The latest offering from New Orleans singer/songwriter Steph Green, “Devotion” pairs her arresting songwriting with forlorn lap steel and honey-coated, heart-wrenching vocal deliveries.
by guest writer Matt Wallock
Stream: “Devotion” – Thanks for That
If you happen to be plugged into the folk-leaning corners of New Orleans’ DIY indie rock scene, there’s a good chance you’ve heard Steph Green‘s music even if you haven’t heard of Steph Green. She’s lent her talents to plenty of other projects such as Duffy Thompson’s Haywire and Pony Hunt’s VAR!, but now she’s finally branching out on her own with a solo endeavor, and her latest offering “Devotion” is her most arresting song yet.
Today Atwood Magazine is proud to premiere the track, a country noir tearjerker that pairs Green’s piercing songwriting with forlorn lap steel and honey-coated, heart-wrenching vocal deliveries, hinting at something devastating yet redemptive.
“I know that these days devotion’s a dirty word,” Green sings in the opening verse, “But my baby’s all I wanna do.” In the next verse, she clocks “an evil that runs through this town,” underscoring the song’s spooky vintage Western vibe. But the last verse contains the song’s emotional crux: “It isn’t in me to look the other way / And when I look, I look right through you,” she sings, as if addressing a ghost. “You’re always starving, but don’t choke on the cake / when you force me to watch you eat it, too.” Despite it all, our narrator doesn’t sound bitter – she actually sounds humbled, like she’s facing a loss or a wound so profound that it’s warped her whole world.
“This song was a breeze to write and an agony to record,” Green says in a statement. “You know what it’s like when you have a specific idea in mind and you get all weird and persnickety in pursuit of it? That was me. It took some trial and error to strike a good balance with the atmosphere and arrangement.”
For Green, this was an intentionally genre-blurring effort. “I imagined the aesthetic having elements of certain eras and genres I had never tried to mush together before,” she explains. “Eerie, old country music from the late ‘50s/early ‘60s; stripped-down, mostly dynamically static art/garage rock bands from the ‘60s/‘70s; melodramatic British new wave bands from the ‘80s with goofy hair. They all kind of inspired the way this track sounds in one way or another.”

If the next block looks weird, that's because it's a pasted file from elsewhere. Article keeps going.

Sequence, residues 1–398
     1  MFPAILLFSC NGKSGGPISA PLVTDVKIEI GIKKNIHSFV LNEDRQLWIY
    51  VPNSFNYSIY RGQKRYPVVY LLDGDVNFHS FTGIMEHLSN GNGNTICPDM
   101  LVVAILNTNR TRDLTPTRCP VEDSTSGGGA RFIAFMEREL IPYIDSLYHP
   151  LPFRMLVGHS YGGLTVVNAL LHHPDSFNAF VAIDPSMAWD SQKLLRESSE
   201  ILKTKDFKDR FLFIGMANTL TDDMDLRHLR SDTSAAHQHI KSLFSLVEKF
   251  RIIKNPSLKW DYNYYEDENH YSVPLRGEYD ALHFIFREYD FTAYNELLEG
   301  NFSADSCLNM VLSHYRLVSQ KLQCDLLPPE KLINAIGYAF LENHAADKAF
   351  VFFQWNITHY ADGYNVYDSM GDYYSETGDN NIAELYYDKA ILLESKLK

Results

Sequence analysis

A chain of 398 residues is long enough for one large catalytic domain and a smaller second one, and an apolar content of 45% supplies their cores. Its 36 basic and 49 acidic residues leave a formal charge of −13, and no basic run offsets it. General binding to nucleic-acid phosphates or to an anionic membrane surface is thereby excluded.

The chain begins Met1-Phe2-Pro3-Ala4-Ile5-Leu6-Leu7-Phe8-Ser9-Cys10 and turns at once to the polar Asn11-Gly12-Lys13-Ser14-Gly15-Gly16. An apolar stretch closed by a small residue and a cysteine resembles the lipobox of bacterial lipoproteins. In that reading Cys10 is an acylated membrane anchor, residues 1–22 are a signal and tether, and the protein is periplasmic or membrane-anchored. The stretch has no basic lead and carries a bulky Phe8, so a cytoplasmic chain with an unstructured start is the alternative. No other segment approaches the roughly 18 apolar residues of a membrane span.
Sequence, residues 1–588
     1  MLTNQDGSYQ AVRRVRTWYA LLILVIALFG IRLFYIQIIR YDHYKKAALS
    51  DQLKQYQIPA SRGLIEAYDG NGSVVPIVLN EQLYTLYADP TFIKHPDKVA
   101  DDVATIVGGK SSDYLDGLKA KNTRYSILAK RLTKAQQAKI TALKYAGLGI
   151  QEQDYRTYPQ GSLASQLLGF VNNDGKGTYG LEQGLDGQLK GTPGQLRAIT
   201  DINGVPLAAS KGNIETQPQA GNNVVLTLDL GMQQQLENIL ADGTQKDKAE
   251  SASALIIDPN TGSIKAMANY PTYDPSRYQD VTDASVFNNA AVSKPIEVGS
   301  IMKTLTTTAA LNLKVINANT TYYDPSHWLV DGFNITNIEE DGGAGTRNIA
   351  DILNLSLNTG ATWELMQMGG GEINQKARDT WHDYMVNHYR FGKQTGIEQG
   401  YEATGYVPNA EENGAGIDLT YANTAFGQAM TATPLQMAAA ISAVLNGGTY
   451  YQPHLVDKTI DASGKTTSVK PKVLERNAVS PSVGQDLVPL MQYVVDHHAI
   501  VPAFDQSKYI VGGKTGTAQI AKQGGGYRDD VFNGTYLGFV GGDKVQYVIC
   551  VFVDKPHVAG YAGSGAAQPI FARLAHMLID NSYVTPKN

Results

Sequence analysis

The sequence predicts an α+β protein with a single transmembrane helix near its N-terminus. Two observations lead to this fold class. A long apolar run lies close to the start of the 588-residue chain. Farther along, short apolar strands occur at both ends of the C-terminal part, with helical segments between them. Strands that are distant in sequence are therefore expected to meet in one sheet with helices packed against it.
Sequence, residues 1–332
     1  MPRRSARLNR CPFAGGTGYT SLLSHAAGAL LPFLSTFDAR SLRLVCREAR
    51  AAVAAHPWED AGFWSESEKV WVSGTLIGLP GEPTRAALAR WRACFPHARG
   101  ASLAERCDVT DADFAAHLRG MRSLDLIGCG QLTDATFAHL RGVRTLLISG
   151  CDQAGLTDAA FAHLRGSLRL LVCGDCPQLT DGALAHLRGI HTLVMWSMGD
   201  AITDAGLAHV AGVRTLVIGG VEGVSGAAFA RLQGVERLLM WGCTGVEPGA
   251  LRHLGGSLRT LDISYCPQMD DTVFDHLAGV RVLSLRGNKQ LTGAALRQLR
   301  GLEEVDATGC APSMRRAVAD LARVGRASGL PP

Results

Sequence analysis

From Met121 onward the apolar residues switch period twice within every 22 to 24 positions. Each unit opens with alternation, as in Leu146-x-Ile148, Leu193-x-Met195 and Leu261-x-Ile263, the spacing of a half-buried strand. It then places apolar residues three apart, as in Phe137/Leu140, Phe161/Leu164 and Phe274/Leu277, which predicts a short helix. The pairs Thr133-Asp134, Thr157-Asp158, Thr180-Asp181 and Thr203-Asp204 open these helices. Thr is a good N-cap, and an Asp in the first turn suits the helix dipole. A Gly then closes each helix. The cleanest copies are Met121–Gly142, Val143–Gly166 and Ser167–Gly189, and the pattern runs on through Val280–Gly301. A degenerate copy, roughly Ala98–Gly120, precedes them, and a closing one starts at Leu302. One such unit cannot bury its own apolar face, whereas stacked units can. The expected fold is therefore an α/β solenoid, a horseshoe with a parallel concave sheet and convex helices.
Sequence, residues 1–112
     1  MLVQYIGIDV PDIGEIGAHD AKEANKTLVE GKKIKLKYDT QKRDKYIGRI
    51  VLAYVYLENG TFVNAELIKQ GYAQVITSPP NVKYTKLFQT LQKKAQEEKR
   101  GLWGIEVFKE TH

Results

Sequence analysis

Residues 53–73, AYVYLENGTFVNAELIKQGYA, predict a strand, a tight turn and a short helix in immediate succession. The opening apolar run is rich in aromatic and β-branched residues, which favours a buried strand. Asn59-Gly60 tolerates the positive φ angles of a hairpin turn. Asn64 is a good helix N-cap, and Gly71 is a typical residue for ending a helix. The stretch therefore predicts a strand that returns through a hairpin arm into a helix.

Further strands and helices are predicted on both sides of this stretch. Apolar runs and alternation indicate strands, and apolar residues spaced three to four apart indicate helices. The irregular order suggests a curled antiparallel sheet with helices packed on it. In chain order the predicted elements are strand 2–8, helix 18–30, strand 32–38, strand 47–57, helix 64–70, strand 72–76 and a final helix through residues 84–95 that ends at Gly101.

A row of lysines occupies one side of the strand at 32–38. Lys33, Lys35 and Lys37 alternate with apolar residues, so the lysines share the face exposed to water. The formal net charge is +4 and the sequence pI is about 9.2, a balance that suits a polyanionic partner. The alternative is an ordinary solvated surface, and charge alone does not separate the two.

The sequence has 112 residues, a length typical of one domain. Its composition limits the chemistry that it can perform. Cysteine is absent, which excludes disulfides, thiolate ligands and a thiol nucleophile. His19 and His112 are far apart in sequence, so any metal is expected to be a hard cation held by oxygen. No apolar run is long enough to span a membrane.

Green is joined on the track by musicians Max Bien Kahn and Duff Thompson, the latter of whom also engineered and co-produced Green’s forthcoming debut album Thanks for That, due next month via Mashed Potato Records. “Devotion” – out December 17 – is the album’s final single.
“Thanks for That was recorded in New Orleans in the three years leading up to the pandemic,” says Green of the project. “At the time of making this album, I was playing as a side musician in a bunch of other people’s projects and fitting songwriting in around that and working a regular day job. The songs were recorded to tape in a kind of funny, laborious manner, with Duff Thompson lugging an Ampex 440 around the city so we could set up makeshift recording sessions in various living spaces.”
“During that time we were also working on Duff’s album Haywire in the same impractical, but ultimately rewarding way,” adds Green. “The album was recorded with different configurations of musicians, all of whom are also songwriters with their own projects. I definitely lucked out to be surrounded by so many talented people to collaborate with.”
Check out an especially haunting result of that process below in our exclusive premiere. Thanks for That is out January 14 via Mashed Potato Records and is available for pre-order here.
Matt Wallock is a writer and artist based in Los Angeles. He’d love to make you a cup of coffee sometime.
Stream: “Devotion” – Thanks for That
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